Diversity & Inclusion
Black in Tech / Business development / Small businesses

More than marketing: Inside Cocoapreneur’s support ecosystem for Black business owners in Pittsburgh

Founder Khamil Bailey, one of the forces behind the Greenwood Plan, believes systemic change is needed to truly sustain the growth of the city’s Black business ecosystem.

Khamil Bailey, founder of Cocoapreneur (Courtesy)

When Khamil Bailey moved to Pittsburgh for college in 2005, she noticed a lack of community support for Black businesses in the city compared to her New Jersey hometown. 

Ten years later, the now 36-year-old CEO sought to fill in the gap. She started Cocoapreneur, an organization that aims to promote Black-owned businesses in Pittsburgh and provide them with resources they need to prosper. It focuses on supporting the entrepreneurs, not just bringing in customers, Bailey said, emphasizing that systemic change is the goal. 

“When we impact the business owner positively, it snowballs into the business and then outward into the community,” Bailey told Technical.ly.

Cocoapreneur has evolved from what started as an Instagram page into an LLC with up to 300 paying members to date, according to Bailey. 

Black entrepreneurs in Pittsburgh pay a tiered fee ranging from $12 to $30 a month to get their business information added to Cocoapreneur’s online directory, which includes local storefronts, restaurants, service providers like accountants and attorneys and nonprofits.

The directory’s goal: To serve as a resource for locals looking to buy products or services from Black-owned businesses. 

Building a brand by supporting business owners

Cocoapreneur aims to be more than just an online marketing tool. It’s also a community that Black entrepreneurs can turn to for support, Bailey said. After all, Black entrepreneurs continue to face obstacles like accessing capital, which could make it harder to keep their ventures afloat. 

“Business is great, but I’m more interested in the business owner,” Bailey said.

In the fall of 2020, the organization raised $100,000 to support Black businesses struggling during the height of the COVID-19 pandemic, Bailey says. It later split that pool of funds into microgrants worth up to $5,000 each that were given to small business owners to keep their operations running. For example, an ice cream shop owner who used the loan to buy a new freezer. 

On top of that, Cocoapreneur has led in-person and online classes, sessions, and seminars with help from its partners over the last few years that offer business advice to Black entrepreneurs.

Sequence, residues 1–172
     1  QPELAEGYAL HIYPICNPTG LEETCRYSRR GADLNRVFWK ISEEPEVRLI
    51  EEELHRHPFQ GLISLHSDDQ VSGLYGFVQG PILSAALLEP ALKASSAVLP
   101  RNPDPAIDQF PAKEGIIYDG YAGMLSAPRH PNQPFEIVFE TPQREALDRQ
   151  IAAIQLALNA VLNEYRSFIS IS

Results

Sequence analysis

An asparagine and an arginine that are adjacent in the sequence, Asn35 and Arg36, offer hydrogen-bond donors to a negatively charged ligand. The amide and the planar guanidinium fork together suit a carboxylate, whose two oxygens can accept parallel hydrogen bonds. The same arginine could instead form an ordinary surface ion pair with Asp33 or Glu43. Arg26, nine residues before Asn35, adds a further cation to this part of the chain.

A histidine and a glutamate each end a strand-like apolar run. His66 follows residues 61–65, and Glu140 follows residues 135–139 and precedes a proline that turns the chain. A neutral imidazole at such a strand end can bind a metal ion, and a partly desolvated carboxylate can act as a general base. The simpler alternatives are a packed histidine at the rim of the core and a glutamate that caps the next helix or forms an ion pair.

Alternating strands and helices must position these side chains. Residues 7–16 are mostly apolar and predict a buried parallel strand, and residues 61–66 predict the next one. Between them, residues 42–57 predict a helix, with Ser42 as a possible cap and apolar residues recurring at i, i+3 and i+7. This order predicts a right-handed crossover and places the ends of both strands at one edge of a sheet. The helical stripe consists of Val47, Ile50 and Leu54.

Bailey said that she’s a “little disappointed” by the current level of engagement among members at Cocoapreneur as she has shifted her focus on ventures like the Greenwood Plan, an initiative she cofounded that aims to convert the downtown Pitt Building into a Black business incubator. 

Cocoapreneur doesn’t have any events planned at the moment. But moving forward, Bailey said she hopes to hold more meetups to foster connections between Black business owners. 

Pushing for systemic change to uplift Black businesses

Apart from individual endeavors, to support Black entrepreneurs, systemic change is needed to truly sustain the growth of the Black business ecosystem in the long run, according to Bailey. 

In fact, Bailey thinks Pittsburgh entrepreneurs across the board can better support their Black peers by simply changing their perspective.

“I think people just have to realize that when you are supporting or uplifting a Black business that it does not take food off your table,” Bailey said. “We’re not splitting pies, we’re just making more.” 

Non-Black business owners should not see Black businesses as competition, she said, but rather, complementary to the Pittsburgh community. At the very least, she said she wants to see more training programs beyond college degrees that teach Black residents how to develop their businesses across industries. 

With that perspective in mind, Bailey believes embracing Black business – whether through food, arts, or entertainment — can create a more vibrant community in Pittsburgh. 

“There’s perspectives that Black people bring just by virtue of being Black,” Bailey said, “that I think is going to move our entire society forward.” 

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